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Communication Dans Un Congrès Année : 2019

CEReS -Co-processing of Coal Mine & Electronic Wastes: Novel Resources for a Sustainable Future

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Résumé

Many coal mines produce waste which causes acid mine drainage (AMD) potentially resulting in severe environmental damage. This drainage can be treated, but most wastes will continue to produce such drainage for hundreds of years. Therefore, longer term, permanent solutions are needed. At the same time, the pace of technological development means most electrical and electronic equipment becomes obsolete within a matter of years. This results in the generation of vast and growing quantities of electronic waste (e-waste) every year. Where this cannot be recycled, it must be discarded. CEReS was a 3.2 M€ RFCS-funded project comprising eight partners from five countries. It targeted the development of a co-processing approach to treat these waste streams to produce metals and other valuable products, while eliminating their environmental impact. This brings together two waste streams from opposite ends of the supply chain (for which no alternative treatment option exists); turning each into a novel resource in a single, coherent 'grave-to-cradle' process. This industrial ecology approach is key to supporting a circular economy while securing the sustainable supply of critical raw materials. The project successfully elaborated a novel co-processing flow-sheet comprising: (i) the accelerated weathering of AMD-generating coal production wastes to generate a biolixiviant; (ii) the pyrolysis and catalytic cracking of low-grade PCBs to produce hydrocarbon fuel, a halogen brine a Cu-rich char; (iii) the leaching of base metals from the char using the biolixiviant; (iv) the reuse of the stabilised coal wastes; and (v) the recovery of valuable metal while concentrating precious and critical metals into enriched substrates. These individual process units were demonstrated individually at lab-pilot scale. The data were then used to validate the entire flow-sheet in an integrated process simulator. Finally an LCA approach was used to demonstrate the environmental benefits of the CEReS process over the status quo.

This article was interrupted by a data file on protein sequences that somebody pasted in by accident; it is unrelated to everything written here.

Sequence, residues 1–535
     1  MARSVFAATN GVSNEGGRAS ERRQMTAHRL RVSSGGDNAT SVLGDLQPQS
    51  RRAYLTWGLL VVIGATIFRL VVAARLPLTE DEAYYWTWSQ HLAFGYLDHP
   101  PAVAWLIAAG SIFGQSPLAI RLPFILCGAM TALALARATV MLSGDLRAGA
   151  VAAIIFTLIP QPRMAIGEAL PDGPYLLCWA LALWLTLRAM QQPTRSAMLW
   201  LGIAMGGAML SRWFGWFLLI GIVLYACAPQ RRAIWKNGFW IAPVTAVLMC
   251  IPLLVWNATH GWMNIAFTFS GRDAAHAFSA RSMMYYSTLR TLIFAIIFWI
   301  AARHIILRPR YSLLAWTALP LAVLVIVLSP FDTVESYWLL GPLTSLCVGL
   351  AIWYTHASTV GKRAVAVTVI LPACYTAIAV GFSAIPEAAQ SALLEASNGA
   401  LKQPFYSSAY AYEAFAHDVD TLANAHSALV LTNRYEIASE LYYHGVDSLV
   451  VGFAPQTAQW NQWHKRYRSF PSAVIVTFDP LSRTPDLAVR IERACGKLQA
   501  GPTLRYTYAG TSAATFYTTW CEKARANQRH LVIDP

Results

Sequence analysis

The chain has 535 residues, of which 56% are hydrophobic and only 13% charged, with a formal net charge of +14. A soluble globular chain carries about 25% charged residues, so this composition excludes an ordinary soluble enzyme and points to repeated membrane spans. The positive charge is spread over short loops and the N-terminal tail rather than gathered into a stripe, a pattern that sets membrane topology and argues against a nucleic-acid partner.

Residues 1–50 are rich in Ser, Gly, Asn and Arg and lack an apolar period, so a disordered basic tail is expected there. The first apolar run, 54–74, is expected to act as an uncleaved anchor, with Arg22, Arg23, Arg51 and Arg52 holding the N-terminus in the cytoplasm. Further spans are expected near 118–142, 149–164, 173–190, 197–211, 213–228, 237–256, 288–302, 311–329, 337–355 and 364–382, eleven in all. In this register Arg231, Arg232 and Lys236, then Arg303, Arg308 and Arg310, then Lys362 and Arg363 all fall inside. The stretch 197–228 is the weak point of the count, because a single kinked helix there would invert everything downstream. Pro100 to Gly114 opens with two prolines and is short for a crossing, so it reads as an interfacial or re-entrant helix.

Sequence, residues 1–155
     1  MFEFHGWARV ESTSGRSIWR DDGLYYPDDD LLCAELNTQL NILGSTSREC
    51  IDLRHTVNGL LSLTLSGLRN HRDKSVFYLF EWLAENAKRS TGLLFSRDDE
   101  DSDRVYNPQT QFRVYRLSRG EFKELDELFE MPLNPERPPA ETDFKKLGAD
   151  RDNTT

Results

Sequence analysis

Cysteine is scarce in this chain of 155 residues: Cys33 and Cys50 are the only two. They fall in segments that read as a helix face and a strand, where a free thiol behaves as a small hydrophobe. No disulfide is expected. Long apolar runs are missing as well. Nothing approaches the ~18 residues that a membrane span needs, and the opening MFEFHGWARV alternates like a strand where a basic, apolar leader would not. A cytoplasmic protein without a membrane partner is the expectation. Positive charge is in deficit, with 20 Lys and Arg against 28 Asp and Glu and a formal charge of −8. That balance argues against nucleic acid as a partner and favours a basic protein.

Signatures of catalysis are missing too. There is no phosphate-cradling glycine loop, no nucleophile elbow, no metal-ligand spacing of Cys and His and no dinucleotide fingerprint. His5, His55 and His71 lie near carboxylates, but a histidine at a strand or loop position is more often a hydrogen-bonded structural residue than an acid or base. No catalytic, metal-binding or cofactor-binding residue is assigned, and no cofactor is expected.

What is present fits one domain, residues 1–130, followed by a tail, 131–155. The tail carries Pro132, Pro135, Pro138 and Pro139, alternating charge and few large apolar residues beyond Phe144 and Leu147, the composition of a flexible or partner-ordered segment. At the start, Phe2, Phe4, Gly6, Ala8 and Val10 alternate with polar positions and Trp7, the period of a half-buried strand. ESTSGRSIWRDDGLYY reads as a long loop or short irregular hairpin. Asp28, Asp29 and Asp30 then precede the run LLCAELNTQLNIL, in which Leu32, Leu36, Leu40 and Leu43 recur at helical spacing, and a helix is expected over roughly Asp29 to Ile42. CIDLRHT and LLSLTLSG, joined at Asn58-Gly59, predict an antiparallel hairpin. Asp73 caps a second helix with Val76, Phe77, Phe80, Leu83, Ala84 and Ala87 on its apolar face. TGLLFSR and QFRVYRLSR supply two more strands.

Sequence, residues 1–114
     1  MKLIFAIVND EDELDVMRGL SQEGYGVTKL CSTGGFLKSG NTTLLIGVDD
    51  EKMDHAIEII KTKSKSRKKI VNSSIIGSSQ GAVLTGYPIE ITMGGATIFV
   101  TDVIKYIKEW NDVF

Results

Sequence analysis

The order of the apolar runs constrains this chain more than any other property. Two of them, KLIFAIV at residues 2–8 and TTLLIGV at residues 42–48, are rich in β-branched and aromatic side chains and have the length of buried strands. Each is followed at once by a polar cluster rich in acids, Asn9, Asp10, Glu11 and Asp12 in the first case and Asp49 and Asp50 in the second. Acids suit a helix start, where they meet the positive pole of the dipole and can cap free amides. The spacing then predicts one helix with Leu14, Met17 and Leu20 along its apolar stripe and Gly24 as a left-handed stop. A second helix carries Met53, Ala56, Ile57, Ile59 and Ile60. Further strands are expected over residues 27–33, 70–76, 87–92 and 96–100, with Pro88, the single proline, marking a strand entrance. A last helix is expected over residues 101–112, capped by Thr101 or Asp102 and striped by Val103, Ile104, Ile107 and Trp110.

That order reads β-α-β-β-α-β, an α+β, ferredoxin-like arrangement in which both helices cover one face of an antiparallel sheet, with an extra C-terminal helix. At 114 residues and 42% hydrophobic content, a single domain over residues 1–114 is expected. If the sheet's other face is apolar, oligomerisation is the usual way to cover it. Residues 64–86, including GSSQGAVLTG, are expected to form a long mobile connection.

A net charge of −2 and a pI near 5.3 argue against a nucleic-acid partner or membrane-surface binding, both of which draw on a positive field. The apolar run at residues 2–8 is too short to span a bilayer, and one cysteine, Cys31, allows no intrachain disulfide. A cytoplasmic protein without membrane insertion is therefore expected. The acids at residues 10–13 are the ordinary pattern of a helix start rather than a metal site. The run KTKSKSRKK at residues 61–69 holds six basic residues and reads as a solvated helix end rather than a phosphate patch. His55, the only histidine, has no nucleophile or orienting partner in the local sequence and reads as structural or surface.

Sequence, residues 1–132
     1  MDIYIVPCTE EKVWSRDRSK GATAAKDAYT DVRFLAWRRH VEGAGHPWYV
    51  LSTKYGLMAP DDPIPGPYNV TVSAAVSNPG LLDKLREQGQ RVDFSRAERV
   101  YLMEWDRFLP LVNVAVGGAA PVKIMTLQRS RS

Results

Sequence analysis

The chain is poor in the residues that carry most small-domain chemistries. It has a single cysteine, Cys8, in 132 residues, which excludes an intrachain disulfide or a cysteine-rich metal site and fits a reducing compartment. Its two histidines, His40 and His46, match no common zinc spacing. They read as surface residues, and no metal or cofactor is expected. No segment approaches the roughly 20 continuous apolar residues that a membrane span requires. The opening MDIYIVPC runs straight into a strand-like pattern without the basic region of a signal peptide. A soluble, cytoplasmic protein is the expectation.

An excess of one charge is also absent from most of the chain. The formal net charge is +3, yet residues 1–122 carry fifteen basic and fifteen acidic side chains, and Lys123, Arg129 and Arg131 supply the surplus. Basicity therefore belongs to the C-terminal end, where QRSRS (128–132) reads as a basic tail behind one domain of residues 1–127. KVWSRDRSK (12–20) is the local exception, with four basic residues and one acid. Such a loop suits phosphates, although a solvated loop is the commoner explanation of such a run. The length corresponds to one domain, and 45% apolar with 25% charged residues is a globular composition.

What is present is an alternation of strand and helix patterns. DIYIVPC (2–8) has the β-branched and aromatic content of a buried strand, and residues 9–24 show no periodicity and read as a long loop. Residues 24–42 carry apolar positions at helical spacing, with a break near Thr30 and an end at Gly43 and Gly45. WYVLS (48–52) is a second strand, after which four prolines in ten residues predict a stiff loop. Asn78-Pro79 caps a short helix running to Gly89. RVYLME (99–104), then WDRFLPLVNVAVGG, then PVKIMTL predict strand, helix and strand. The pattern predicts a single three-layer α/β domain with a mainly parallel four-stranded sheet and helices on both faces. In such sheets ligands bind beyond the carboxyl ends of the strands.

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Dates et versions

hal-02164802 , version 1 (12-12-2019)

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  • HAL Id : hal-02164802 , version 1

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Christopher G. Bryan, B J Williamson, J Calus-Moszko, Q van Haute, Anne-Gwenaëlle Guezennec, et al.. CEReS -Co-processing of Coal Mine & Electronic Wastes: Novel Resources for a Sustainable Future. International Biohydrometallurgy Symposium - IBS 2019, Oct 2019, Fukuoka, Japan. ⟨hal-02164802⟩

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